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ronfire

Lid handle problem

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First time I have had a lid handle come off. Took a look into the kiln this morning and found the handle had come off. Wonder if it did not dry fully because of how far it moved from the centre.  What would be the best to attach it for the glaze fire, slip with magic water ( that was on it the first time ) paper clay or just a layer of glaze between?  The lid fits so well I prefer not to throw another one. Worst that can happen is it does not work.

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Edited by ronfire
typo

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I use a variety of products

magic water is not one of them

bisque fix-it is thick  but can be thinned-I seem to use this the most-this stuff leaves a white line

Marks ware repair-Axner-the most fluid of menders-this stuff leaves a darker line-I use this when I want very little material as its thin

Aztex high fire mender -you make it thick or thin-this stuff leave less of a mark-I like this product ans use it some as well

 

after the repair is dried i always glaze with my black thick runny under glaze that flows and covers the seems then a rutile riunny glaze over that.

otherwise the repair will show

The other thing you could do is use wood glue and let dry and galze it up-works much of the time as well

 

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How did you make and attach the knob- did you throw it separately and then attach it, or did you throw it right on the pot? Did you score well when you attached it? From the photo I don't see any evidence of scoring. Even if you throw it right on the pot, you need to score. You also need to make sure it's totally dry before firing, and don't go too fast at the beginning, because that area is a lot thicker than the rest of the pot.

I would not try any method of attaching it, because it's not 100% sure to hold long term. That's a big lid to drop. Like Sorcery said, with some sanding you could smooth out that area and drill a hole before glaze firing. After firing attach a knob, using a stainless steel washer on the inside to distribute the pressure on the lid. If you want it to be oven safe, use a stainless drawer pull (lots of people do that with their cast iron dutch ovens because the plastic knobs that come with them can't handle the high temps for bread baking).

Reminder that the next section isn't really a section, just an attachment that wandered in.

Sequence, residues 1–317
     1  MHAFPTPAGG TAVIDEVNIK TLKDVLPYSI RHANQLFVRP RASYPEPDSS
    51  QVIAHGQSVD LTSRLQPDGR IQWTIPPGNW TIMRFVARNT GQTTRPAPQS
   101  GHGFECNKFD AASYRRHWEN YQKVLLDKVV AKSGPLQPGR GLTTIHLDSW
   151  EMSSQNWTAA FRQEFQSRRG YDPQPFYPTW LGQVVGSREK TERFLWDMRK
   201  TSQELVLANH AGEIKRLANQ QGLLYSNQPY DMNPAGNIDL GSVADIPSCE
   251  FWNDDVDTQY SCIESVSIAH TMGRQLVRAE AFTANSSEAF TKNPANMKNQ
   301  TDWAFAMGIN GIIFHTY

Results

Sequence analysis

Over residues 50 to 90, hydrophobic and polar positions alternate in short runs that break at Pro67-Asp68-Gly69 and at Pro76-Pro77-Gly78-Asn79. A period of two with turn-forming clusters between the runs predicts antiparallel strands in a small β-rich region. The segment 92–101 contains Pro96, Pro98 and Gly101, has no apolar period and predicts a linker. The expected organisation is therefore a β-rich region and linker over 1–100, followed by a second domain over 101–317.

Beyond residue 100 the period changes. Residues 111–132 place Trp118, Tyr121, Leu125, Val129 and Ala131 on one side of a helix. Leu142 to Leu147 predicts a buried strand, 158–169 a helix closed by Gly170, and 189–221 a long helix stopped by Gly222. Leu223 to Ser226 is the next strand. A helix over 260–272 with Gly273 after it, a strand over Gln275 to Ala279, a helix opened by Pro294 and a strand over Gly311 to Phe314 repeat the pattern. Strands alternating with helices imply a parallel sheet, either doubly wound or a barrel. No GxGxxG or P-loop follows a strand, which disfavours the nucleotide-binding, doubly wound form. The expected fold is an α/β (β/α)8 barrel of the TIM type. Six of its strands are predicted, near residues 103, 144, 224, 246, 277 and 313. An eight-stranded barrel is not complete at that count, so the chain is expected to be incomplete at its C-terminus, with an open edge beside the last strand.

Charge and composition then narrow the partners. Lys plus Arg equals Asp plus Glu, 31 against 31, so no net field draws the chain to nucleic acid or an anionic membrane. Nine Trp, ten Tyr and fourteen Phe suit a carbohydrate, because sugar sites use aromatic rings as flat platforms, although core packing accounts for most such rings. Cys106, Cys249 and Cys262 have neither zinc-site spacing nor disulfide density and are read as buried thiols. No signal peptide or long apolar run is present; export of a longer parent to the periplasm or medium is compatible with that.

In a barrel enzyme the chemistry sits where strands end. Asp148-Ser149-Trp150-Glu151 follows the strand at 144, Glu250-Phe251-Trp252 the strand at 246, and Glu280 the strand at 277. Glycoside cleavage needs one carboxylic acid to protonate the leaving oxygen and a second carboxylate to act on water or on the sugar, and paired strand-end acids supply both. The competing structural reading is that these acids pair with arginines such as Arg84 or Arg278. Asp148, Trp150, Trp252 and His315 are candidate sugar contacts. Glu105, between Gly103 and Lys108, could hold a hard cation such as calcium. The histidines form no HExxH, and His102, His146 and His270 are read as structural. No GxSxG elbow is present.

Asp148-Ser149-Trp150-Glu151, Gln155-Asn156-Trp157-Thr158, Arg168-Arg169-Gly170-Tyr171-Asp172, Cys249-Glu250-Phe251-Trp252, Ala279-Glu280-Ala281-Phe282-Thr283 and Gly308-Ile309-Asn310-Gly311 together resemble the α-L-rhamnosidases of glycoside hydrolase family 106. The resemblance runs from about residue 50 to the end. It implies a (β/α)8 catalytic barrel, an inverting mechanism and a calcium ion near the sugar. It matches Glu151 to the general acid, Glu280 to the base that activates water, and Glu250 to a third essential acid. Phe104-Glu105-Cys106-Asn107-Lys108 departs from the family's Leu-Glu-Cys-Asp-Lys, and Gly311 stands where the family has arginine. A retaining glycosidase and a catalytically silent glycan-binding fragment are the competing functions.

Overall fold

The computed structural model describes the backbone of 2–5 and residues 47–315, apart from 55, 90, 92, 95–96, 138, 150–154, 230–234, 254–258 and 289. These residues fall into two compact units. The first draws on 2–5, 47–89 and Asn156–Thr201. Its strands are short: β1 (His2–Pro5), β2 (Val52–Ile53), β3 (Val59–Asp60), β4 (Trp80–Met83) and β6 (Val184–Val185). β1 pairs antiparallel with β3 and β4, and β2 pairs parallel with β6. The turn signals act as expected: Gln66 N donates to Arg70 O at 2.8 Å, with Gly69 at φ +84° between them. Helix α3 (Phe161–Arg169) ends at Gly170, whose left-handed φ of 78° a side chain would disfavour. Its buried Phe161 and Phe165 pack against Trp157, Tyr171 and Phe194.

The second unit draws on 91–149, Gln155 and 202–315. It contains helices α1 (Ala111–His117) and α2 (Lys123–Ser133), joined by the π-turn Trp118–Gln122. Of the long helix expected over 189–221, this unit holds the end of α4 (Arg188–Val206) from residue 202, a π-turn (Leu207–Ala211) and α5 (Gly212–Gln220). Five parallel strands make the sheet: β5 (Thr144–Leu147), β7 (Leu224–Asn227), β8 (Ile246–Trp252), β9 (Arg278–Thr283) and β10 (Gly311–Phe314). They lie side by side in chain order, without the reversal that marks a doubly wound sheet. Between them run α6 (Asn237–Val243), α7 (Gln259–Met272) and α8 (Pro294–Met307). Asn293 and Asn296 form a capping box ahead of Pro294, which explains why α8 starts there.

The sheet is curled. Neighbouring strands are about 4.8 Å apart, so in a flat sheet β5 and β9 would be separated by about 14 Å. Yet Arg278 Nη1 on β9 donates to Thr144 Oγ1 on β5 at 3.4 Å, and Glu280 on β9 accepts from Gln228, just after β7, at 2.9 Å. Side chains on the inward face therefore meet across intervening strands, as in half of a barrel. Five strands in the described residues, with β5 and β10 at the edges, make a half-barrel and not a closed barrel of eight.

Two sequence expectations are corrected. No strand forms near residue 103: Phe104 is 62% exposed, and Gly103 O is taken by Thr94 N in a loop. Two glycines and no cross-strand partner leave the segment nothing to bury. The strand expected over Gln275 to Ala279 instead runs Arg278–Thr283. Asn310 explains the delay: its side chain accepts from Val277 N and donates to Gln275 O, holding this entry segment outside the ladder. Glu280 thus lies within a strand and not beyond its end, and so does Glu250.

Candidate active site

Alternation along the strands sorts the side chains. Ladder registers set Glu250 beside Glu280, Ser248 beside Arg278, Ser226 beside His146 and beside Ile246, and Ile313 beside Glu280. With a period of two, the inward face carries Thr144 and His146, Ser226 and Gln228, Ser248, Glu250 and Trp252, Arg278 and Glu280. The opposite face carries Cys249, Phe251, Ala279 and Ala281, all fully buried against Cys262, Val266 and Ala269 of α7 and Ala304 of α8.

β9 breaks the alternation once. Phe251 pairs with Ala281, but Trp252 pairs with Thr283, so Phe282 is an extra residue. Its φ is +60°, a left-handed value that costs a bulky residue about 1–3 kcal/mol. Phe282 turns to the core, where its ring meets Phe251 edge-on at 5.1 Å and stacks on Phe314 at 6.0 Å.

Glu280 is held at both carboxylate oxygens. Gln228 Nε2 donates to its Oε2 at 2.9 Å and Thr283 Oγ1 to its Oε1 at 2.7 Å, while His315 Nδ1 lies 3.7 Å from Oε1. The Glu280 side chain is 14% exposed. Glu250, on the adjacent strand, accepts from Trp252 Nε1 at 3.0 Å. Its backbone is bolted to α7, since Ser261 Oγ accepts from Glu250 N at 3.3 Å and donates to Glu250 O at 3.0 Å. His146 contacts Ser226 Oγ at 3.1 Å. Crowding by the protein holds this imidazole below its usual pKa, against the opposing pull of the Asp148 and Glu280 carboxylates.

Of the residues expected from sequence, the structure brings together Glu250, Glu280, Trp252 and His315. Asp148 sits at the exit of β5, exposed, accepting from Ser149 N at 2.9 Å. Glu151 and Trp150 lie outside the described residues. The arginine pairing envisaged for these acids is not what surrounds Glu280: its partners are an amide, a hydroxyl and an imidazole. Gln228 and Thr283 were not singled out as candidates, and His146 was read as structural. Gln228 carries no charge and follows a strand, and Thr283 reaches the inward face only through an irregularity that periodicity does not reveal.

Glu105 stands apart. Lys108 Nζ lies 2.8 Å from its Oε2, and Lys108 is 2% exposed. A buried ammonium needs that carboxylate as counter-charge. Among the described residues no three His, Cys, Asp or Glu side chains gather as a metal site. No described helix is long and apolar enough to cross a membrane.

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I scored the lid, that is why the round lines under the knob. Don't know why they are raised, maybe because of the slip. I did throw the knob on the lid after trimming it, scoring it and using slip with magic water . Have done this before and never had an issue, maybe it was not totally dry yet.

I does fit back on well, would glaze in the joint like glue not hold it well after a glaze fire at cone 6?

Think next lid I will trim a hollow or hole in the knob section.

 

 

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4 minutes ago, ronfire said:

I scored the lid, that is why the round lines under the knob. Don't know why they are raised, maybe because of the slip. I did throw the knob on the lid after trimming it, scoring it and using slip with magic water . Have done this before and never had an issue, maybe it was not totally dry yet.

I does fit back on well, would glaze in the joint like glue not hold it well after a glaze fire at cone 6?

Think next lid I will trim a hollow or hole in the knob section.

 

 

The glaze will hold the knob, but not with much strength. I wouldn't trust it on a lid that size.

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Maybe you could combine ideas from Mark and Neil: 

Drill a hole through knob and lid, and  follow Mark's suggestion to glue it on and glaze over.   Then, assuming it stays in place through the firing, take Neil's advice and use a stainless steel bolt, nut, and washer(s) to reinforce it so you're not relying solely on the glaze to hold it together.

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